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  1. The Easy and Hard Problems of Consciousness: A Cartesian Perspective.Frederick B. Mills - 1998 - Journal of Mind and Behavior 19 (2):119-40.
    This paper contrasts David Chalmers’s formulation of the easy and hard problems of consciousness with a Cartesian formulation. For Chalmers, the easy problem is making progress in explaining cognitive functions and discovering how they arise from physical processes in the brain. The hard problem is accounting for why these functions are accompanied by conscious experience. For Descartes, the easy problem is knowing the essential features of conscious experience. The hard problem is verifying our knowledge of the mathematical—physical world. While Chalmers (...)
     
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  2. A Spinozist Approach to the Conceptual Gap in Consciousness Studies.Frederick B. Mills - 2001 - Journal of Mind and Behavior 22 (1):91-101.
    This essay argues that Spinoza’s metaphysics offers a theoretical framework for dissolving the conceptual gap in contemporary consciousness studies. The conceptual origins of the gap have their roots in Cartesian substance dualism. If phenomenal experience is conceived as substantially distinct from correlated physical processes in the brain, an explanatory gap opens in our understanding of the mind/body relation. Spinoza’s metaphysics offers an ontology that preserves the qualitative difference between phenomenal experience and physiological processes while conceiving the ultimate numerical unity of (...)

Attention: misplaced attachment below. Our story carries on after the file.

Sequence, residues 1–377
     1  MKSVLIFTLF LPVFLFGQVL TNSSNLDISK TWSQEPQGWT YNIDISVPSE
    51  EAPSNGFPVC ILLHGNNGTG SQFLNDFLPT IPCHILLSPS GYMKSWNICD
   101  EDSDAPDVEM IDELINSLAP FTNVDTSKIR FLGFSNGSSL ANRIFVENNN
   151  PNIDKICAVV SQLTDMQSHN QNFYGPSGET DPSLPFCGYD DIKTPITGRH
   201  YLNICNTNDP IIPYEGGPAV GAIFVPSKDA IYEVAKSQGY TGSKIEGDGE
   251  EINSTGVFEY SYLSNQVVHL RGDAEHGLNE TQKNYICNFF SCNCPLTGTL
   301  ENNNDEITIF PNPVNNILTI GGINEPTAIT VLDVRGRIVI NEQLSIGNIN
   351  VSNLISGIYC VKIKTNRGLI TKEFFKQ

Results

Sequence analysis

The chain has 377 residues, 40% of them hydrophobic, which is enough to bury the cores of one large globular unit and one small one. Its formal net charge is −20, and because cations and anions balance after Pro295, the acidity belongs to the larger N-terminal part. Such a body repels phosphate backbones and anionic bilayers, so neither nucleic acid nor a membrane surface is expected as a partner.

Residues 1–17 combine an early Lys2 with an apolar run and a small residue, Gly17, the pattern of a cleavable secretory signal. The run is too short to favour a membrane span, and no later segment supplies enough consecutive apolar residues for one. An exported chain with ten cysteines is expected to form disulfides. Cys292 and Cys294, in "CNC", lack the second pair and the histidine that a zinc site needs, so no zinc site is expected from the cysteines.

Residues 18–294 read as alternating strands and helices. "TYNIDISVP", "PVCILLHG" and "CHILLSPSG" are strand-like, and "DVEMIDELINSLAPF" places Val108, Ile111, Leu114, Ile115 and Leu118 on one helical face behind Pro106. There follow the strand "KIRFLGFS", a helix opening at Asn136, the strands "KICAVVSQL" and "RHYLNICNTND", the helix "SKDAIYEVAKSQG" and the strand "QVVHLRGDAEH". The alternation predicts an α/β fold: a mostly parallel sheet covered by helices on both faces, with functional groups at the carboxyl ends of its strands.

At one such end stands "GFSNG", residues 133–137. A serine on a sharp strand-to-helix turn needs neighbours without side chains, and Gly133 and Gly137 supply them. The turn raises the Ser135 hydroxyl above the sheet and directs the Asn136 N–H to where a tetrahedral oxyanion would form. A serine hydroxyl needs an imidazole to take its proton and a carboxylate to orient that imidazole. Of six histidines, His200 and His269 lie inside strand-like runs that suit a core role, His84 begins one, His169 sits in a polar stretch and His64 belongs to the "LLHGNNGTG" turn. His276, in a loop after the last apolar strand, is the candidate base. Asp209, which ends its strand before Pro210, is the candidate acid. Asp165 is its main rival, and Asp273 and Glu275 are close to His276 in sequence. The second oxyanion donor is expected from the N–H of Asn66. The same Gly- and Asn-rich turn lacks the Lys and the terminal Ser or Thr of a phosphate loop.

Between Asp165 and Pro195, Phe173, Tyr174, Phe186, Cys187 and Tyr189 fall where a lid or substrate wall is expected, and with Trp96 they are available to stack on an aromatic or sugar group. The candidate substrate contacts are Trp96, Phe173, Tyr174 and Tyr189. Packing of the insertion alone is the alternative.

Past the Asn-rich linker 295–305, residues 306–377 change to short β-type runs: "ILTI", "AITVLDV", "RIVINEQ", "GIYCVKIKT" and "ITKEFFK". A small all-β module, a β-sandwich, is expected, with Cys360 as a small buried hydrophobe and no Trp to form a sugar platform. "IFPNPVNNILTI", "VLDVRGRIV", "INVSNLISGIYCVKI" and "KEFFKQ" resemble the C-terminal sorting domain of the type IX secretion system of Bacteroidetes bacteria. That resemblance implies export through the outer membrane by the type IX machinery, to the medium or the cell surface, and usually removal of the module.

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  3. Intrinsic Awareness in Sartre.Frederick B. Mills - 2006 - Journal of Mind and Behavior 27 (1):1-16.
    This essay argues that Sartre offers a version of the intrinsic theory of inner awareness that is based on a feature of the internal negation that determines the relation between the for-itself and the in-itself : non-positional awareness. Non-positional awareness is the implicit consciousness of being conscious of an object that is a component of every conscious mental state. For example, the perceptual experience of this table is directed towards the table, but at the same time it is an awareness (...)
     
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  4. On the Concept of Obligation and the Divided Self in Kant's Ethics.Frederick B. Mills - 1985 - Dissertation, The American University
    The aim of this dissertation is to demonstrate that the very conditions which Kant argues constitute the obligation of each individual to will the actualization of the universal moral law in the world and in one's own personality lead to the overall ruin of the Kantian practical reason. To this end we investigate that feature of persons--the divided self--which gives rise to moral obligation, and the postulates, which allegedly make the fulfillment of obligation possible. ;One of the central problems in (...)
     
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